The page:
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When you write a lot of dialogue, it’s easy to find yourself repeating certain verbs to describe the act of speaking. The most common of these verbs, or dialogue tags, is “said,” and many authors would like nothing more than a reliable way to avoid repeating it over and over again.



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What Is a Dialogue Tag?

The portions of sentences that describe speaking are known as dialogue tags. A dialogue tag identifies a person who speaks a line of dialogue, and it frequently describes how they speak. Does the character show emotion? Do they reinforce their words with body language? What mood are they in while speaking? Writers use dialogue tags to describe the context around the words in quotation marks.

As you seek to improve your fiction writing, or perhaps your nonfiction reporting, you’ll want to employ variety in your use of dialogue tags. This means steering away from the word “said” and incorporating more descriptive verbs from the English language.

How to Avoid Overusing ‘Said’

It doesn’t matter whether you’re writing a novel, a short story, fanfiction, or a biography. The same rules you learned in high school still apply to professional writing: When writing dialogue tags, variety is king.

The key to avoiding “said” in your dialogue tags is tailoring your word choice around the specific context of your story. Here is a list of dialogue tags that exploit the potential of English vocabulary and help ensure you won’t have to overuse “said.” If used properly, these dialogue tags are a tool to help you choose the right word for the most specific of dialogue descriptions.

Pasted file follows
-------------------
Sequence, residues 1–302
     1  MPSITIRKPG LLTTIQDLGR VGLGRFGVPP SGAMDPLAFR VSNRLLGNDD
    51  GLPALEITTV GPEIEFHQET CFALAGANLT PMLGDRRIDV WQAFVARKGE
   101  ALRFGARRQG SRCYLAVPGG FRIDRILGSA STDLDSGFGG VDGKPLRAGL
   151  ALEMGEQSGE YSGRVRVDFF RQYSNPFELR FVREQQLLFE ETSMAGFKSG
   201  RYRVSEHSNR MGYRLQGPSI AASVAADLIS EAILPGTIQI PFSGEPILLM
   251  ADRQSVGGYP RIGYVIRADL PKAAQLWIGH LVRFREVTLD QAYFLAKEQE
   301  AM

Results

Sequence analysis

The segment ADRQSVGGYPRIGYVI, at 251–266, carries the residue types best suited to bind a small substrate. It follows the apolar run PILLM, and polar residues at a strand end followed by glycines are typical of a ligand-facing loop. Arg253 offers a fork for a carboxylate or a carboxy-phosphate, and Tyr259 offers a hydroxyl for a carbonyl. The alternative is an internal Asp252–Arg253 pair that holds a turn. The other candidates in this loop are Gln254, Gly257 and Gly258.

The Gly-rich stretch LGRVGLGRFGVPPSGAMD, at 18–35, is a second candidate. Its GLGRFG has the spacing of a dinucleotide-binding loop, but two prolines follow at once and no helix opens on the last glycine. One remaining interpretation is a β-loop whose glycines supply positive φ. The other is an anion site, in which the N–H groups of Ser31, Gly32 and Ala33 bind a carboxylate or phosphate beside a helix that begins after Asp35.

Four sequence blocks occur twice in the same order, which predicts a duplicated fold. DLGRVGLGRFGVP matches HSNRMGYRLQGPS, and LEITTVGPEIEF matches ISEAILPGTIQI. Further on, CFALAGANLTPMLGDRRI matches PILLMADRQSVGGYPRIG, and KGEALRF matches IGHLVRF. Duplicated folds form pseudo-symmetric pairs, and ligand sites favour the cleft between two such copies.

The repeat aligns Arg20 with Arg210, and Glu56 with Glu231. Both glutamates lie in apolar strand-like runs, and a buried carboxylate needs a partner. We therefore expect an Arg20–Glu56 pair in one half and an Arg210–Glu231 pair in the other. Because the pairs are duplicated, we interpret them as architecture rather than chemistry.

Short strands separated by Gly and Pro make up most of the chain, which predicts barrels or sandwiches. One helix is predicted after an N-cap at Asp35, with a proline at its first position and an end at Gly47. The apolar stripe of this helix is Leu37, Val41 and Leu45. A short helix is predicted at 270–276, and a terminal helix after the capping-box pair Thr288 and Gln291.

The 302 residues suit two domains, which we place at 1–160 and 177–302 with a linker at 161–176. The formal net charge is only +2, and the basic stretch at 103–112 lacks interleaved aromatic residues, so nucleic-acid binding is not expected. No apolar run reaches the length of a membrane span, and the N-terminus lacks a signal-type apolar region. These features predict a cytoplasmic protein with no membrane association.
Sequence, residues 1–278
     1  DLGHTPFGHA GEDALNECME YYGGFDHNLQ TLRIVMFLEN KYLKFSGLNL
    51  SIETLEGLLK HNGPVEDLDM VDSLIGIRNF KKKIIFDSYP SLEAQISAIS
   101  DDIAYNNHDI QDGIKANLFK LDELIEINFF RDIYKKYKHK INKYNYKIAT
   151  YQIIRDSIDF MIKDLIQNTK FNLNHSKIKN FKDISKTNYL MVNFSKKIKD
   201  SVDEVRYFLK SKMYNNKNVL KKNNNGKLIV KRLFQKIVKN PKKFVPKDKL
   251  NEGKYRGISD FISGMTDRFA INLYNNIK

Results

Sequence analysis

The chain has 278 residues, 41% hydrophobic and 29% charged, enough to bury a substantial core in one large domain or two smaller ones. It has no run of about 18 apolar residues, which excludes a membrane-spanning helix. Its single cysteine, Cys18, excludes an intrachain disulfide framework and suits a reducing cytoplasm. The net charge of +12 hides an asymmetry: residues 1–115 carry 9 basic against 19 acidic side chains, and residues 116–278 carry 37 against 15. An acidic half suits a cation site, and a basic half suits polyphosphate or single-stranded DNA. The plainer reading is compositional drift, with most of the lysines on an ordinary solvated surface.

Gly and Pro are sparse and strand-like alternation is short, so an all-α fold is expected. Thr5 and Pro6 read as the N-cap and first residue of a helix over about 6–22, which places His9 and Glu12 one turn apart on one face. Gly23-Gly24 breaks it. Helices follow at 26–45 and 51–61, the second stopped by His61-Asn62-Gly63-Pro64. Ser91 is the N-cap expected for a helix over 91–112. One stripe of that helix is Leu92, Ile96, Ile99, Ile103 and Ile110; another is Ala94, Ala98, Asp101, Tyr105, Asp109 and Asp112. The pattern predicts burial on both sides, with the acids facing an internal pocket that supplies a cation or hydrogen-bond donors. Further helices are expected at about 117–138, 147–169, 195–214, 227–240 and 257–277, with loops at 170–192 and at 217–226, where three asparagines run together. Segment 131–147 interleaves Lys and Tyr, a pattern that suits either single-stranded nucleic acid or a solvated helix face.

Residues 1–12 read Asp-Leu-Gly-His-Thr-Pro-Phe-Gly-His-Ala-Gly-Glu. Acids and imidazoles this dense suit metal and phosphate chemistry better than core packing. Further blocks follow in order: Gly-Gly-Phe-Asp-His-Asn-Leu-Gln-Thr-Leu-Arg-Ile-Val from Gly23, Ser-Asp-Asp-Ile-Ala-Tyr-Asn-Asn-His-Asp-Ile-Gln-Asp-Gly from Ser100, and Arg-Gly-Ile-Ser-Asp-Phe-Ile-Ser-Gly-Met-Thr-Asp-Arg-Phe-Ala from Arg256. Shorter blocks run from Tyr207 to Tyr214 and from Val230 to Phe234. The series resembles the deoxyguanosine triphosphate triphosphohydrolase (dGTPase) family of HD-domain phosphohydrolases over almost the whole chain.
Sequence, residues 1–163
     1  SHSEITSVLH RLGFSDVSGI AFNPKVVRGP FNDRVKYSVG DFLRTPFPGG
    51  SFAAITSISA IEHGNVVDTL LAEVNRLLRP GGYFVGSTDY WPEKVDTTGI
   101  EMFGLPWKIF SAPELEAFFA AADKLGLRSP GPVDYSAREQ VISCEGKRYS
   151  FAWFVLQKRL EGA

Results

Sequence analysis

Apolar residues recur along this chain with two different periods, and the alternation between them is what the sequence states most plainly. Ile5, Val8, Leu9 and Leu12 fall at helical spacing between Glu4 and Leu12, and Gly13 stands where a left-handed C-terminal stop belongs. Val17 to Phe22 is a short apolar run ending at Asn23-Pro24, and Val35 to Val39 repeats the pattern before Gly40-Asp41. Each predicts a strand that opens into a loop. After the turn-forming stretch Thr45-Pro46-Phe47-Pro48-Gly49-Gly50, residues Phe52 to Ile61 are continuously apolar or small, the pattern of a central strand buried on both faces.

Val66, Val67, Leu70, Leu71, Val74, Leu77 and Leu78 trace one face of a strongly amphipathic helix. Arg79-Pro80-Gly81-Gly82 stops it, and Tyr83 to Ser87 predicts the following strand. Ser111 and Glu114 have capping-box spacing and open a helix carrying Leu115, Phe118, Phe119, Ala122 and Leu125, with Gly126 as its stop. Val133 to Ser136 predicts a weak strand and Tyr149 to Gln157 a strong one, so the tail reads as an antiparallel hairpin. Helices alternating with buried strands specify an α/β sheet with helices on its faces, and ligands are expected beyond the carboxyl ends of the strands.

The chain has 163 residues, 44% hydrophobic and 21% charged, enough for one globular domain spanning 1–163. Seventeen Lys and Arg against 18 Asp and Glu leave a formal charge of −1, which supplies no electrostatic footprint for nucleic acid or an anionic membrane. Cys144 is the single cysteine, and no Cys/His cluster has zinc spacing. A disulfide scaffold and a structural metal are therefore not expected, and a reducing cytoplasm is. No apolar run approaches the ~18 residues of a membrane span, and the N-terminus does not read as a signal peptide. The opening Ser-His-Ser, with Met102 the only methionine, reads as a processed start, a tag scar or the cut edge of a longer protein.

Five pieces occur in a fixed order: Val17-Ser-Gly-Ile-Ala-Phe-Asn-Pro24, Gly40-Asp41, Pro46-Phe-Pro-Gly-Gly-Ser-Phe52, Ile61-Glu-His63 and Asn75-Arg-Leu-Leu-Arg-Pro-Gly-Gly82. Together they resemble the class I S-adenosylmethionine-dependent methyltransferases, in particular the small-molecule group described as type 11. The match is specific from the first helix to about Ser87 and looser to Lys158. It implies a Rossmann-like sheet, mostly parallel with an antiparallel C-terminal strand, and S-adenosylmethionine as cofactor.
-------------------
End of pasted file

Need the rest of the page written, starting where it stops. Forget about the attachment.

If your speaker is happy or excited, try:

  • Laughed
  • Exclaimed
  • Yelled
  • Gushed
  • Babbled
  • Gulped
  • Entreated
  • Bubbled
  • Chortled
  • Chimed

If your speaker is subdued, try:

  • Sighed
  • Murmured
  • Mumbled
  • Whispered
  • Assented
  • Demurred
  • Disclaimed
  • Insinuated
  • Agreed
  • Relented

If your speaker likes hearing themselves talk, try:

  • Rambled
  • Recounted
  • Declared
  • Babbled
  • Pontificated
  • Held forth
  • Related
  • Continued
  • Emphasized
  • Remembered
  • Concluded
  • Recalled
  • Resumed
  • Noted
  • Rasped

If your speaker is displaying kindness, try:

  • Consoled
  • Soothed
  • Offered
  • Proposed
  • Apologized
  • Reassured
  • Assented

If your speaker shows signs of being upset, try:

  • Whined
  • Cried
  • Yelled
  • Shouted
  • Glowered
  • Spat
  • Bemoaned
  • Pouted
  • Sobbed
  • Blubbered
  • Lamented
  • Jabbed
  • Sneered
  • Hissed
  • Besmirched

If your speaker is trying to influence someone else’s behavior, try:

  • Rebuked
  • Scolded
  • Cajoled
  • Demanded
  • Threatened
  • Declared
  • Ordered
  • Commanded
  • Boomed
  • Maintained
  • Insisted

By using these speech tags, along with other tools like punctuation (exclamation marks, question marks, etc.) and proper prepositions, you can sculpt your story writing to more accurately reflect your character’s actions and the surrounding context. Everyone from young writers to seasoned pros can employ these tools to spruce up their writing.

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